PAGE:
In his seminal 1950 work, Virgin Land: The American West as Symbol and Myth, Henry Nash Smith wrote, “The literary development of the Wild Western hero in the second half of the nineteenth century made the divergence between fact and fiction even greater.” Well over a half-century later, George Armstrong Custer’s life remains the literary subject of numerous historians and novelists, drawn to a legacy that is equally heroic and flawed, tragic, violent and, for many, even villainous. In fact, T.J. Stiles, the author of Custer’s Trials: A Life on the Frontier of a New America (Alfred A. Knopf, $30), acknowledges the challenge of interpreting the actions of a man who is “one of the best-documented and most-discussed individuals of the nineteenth century.”
So what makes the Pulitzer Prize-winning author Stiles’s biographical interpretation of Custer significantly different than other recent monographs, including Thom Hatch’s The Last Days of George Armstrong Custer: The True Story of the Battle of Little Bighorn (St. Martin’s, 2015) and James Robbins’s The Real Custer: From Boy General to Tragic Hero (Regnery, 2014)? Stiles’s biography of the boy-general from Michigan is an intimate history that attempts to peel back 175 years of “Wild Western hero” history, and place Custer’s life in the context of his frontier childhood, his violent and tumultuous military life and, most notably, his family life, his relationships with women, and his narcissistic relationship with politics and fame. As Stiles notes so poignantly: “The violence that suffused his life shadows ours. The ambivalence of his contemporaries is our ambivalence—toward our time as well as theirs. Custer’s story begins with its ending, and it never ends.”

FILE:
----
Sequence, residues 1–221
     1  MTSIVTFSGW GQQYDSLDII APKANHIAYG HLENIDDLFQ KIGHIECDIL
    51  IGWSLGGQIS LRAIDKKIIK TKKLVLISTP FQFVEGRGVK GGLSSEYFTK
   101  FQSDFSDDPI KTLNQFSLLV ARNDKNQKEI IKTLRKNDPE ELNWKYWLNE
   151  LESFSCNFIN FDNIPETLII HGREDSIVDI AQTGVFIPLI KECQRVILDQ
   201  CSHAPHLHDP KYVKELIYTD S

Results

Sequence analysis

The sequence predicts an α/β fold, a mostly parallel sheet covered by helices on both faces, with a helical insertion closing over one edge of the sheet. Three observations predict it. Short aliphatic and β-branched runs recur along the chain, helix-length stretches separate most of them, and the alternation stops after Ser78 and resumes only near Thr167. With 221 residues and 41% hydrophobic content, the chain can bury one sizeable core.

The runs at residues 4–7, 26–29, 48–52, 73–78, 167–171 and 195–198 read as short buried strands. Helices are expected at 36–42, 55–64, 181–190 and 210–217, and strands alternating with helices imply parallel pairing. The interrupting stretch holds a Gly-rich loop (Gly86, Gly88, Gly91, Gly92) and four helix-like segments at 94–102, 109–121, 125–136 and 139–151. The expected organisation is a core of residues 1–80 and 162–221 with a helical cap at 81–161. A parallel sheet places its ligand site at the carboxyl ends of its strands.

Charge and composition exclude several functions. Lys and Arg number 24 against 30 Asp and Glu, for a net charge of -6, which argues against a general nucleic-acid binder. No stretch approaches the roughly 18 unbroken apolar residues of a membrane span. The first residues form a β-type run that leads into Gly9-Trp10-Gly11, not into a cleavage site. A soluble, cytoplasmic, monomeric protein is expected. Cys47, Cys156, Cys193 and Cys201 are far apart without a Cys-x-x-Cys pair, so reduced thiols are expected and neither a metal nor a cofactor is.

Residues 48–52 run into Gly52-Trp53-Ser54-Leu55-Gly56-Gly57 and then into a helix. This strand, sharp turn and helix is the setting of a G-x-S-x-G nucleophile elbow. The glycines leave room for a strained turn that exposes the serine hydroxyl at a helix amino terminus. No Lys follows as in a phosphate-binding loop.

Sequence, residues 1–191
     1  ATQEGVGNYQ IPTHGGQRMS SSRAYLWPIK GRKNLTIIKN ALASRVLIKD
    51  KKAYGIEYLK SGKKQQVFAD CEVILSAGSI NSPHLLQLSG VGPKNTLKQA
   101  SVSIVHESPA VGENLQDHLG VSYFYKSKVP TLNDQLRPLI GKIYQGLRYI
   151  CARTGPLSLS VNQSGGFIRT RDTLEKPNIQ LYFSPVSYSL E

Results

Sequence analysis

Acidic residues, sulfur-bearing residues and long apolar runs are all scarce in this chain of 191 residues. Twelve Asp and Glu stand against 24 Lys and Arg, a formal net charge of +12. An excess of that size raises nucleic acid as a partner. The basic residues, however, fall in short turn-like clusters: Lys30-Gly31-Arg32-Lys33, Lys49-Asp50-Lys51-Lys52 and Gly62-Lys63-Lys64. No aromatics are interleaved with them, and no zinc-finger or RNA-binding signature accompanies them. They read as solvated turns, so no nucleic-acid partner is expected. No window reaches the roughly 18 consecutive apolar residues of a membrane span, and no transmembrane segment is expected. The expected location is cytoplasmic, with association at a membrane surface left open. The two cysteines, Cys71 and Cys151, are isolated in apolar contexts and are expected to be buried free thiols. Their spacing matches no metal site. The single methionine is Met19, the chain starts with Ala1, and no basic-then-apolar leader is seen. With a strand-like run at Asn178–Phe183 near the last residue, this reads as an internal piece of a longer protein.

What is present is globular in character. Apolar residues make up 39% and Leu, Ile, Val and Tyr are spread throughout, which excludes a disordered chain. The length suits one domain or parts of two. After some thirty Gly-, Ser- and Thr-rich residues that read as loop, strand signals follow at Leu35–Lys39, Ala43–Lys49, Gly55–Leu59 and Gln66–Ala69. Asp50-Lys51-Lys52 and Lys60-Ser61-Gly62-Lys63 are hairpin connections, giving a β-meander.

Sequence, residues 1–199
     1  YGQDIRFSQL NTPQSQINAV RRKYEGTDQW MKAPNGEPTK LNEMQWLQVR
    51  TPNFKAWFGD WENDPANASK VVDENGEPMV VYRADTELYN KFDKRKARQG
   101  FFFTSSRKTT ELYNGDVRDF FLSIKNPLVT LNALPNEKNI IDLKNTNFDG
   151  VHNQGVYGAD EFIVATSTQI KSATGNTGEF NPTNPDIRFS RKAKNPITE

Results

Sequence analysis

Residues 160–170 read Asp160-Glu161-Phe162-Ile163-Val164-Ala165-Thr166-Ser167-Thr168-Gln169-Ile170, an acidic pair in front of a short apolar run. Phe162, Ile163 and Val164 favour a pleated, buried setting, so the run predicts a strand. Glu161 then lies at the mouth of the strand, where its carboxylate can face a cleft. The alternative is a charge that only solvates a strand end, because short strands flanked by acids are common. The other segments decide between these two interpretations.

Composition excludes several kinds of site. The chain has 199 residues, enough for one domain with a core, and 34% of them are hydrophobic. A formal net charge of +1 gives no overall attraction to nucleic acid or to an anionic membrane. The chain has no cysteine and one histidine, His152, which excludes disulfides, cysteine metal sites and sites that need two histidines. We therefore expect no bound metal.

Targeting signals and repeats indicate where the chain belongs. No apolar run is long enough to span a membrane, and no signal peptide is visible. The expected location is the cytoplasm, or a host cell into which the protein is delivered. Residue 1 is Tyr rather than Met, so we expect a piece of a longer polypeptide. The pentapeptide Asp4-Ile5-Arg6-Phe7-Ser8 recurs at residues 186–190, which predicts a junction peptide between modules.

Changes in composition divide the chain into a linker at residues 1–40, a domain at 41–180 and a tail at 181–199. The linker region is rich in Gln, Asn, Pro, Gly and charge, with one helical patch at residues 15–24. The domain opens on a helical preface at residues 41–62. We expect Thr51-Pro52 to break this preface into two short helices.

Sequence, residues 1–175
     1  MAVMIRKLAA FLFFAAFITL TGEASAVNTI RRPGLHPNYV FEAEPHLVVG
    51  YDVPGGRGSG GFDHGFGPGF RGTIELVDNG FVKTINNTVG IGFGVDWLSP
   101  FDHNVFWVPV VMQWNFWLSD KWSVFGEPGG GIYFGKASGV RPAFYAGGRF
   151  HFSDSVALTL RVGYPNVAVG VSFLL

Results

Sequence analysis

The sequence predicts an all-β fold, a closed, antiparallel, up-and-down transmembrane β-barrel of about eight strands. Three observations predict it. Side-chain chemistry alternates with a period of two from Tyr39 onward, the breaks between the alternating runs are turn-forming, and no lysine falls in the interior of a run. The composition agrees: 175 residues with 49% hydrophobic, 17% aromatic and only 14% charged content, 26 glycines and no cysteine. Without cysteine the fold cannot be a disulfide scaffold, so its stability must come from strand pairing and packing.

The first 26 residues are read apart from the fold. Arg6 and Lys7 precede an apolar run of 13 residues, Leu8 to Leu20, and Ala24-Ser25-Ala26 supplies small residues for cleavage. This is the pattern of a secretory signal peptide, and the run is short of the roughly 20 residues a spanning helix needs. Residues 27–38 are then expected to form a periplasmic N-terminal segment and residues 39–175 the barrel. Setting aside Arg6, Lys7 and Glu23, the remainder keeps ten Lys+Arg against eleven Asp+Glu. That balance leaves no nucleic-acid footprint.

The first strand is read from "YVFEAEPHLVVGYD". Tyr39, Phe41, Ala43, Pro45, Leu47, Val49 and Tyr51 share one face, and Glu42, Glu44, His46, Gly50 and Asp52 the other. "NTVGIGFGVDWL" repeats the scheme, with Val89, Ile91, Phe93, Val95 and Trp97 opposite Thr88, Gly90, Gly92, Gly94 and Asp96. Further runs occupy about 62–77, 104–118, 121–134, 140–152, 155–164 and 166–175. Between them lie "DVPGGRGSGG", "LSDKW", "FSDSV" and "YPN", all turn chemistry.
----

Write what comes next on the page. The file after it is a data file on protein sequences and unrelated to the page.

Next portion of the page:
In his 1983 essay titled “The American Indian from the Civil War to the Present,” historian Robert Carriker wrote: “No event in the Indian Wars of the United States has attracted more public interest than the Little Big Horn defeat. The personal animosity between Custerphiles and Custerphobes has long colored the literature of this battle. Every facet of Custer’s movements and intentions, the Indian tactics, and the blame for the events that followed have been examined repeatedly. Regardless of one’s opinion regarding George Armstrong Custer, it should be recognized that this event is a landmark in the history of Indian-white relations.”
Three decades and dozens of Custer/Little Big Horn articles, biographies, academic and popular monographs and syntheses later, Stiles’s work will stand as a singular benchmark in Custer historiography for its interpretations of the general’s professional and personal challenges in the context of 19th-century political, racial, military, gender and family stories. Stiles’s complex analysis of Custer’s life enriches our understanding of events and topics still debated in the 21st century, including icons and heroes of American popular culture. In fact, the true hero of Stiles’s Custer’s Trials is not the iconic general, whom the author describes as “individualistic, romantic and impulsive,” but the survivors, Elizabeth Bacon Custer and Eliza Brown Davison, heroines of war and peace.